However, many of these perceptions are inaccurate and gloss over the major benefits of online data backup to your city. In fact, your data may be less safe and secure (and more costly) if you are using more obsolete backup methods and basing your investment upon the following online data backup myths.

Myth: The only way I know if my data is safe is if I can see and touch it. We’ve sometimes talked to city officials who feel that unless they can see a server or physical devices where their data is being backed up, then they feel it’s unsafe.

Fact: A server or physical device (such as an external hard drive, tape, or other storage device) is not necessarily any less safe than data backed up outside of city property. Servers can be hacked, or poorly monitored and maintained. Tape and hard drives can be lost, stolen, or corrupted. Unfortunately, just because you own the hardware and can see it in front of you does not mean it’s any less safe.

Myth: Once my data leaves the building, it's unsafe and at risk for getting stolen. There is still a perception that any information “out on the Internet” is automatically unsafe. Stories of hackers and data theft fuel this fear.

Fact: Encryption standards keep getting better and better, making your online data safer and safer. Otherwise, banks, financial institutions, retailers, and government agencies would never be able to do business online. In fact, sometimes your information is better encrypted and secure online than anything your city staff can accomplish. Vendors and companies cannot toy around with sensitive data, so they have learned to protect it with the highest standards.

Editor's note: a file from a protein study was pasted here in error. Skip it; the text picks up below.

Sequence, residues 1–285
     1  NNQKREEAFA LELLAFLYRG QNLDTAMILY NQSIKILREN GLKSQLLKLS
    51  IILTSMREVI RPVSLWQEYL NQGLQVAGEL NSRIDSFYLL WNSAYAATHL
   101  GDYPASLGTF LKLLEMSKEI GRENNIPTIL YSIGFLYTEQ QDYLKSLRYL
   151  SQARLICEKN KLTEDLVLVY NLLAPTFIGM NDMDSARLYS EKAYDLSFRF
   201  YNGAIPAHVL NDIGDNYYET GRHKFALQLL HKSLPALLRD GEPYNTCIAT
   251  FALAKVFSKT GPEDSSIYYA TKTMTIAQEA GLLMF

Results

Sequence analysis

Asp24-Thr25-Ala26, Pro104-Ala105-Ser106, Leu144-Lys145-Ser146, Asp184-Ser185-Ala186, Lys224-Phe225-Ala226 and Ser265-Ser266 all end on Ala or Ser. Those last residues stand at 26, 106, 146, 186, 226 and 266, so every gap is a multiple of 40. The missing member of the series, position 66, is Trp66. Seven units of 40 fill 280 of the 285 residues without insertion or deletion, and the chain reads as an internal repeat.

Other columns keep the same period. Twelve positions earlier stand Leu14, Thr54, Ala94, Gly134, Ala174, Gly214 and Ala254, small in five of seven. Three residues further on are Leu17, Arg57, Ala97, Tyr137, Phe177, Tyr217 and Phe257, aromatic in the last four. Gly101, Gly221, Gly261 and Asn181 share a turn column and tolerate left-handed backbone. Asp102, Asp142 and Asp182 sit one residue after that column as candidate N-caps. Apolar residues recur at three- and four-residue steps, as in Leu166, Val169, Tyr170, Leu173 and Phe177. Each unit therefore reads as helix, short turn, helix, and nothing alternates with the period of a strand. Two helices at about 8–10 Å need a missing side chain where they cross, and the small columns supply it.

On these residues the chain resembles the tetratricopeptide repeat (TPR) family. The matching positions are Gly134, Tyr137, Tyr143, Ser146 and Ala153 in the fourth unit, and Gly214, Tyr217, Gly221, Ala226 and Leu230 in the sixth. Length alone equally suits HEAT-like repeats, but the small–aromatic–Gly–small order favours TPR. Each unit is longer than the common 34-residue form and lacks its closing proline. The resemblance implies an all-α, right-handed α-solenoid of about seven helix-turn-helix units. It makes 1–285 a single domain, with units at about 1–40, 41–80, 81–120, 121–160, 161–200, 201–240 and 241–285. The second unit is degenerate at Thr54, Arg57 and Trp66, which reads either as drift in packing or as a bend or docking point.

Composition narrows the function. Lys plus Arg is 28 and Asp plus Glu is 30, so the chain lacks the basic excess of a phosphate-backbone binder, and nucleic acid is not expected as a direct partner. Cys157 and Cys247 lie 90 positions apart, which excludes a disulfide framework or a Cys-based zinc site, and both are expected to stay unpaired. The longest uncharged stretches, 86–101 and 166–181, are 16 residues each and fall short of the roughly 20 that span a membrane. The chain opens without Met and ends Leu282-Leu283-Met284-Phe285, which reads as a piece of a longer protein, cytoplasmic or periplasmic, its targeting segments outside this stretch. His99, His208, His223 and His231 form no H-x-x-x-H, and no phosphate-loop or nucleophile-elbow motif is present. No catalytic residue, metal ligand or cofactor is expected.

Myth: With physical data backup and storage, I can personally audit and check to see if it's getting done. Again, the idea is that if you can see it and touch it, it’s more secure. It’s reassuring to look at all of your tapes, or to know that a bunch of external hard drives contain your backup data.

Fact: Physical, manual data backup tends to fail too often from a lack of proper testing and auditing. City employees often assume that tape, disk, or hard drive backups are working. However, these backups usually fail a good portion of the time. Modern online backup systems more rigorously provide you with an audit trail, the ability to test backups, and more proof than you’ll ever need to show that your data backup is getting done.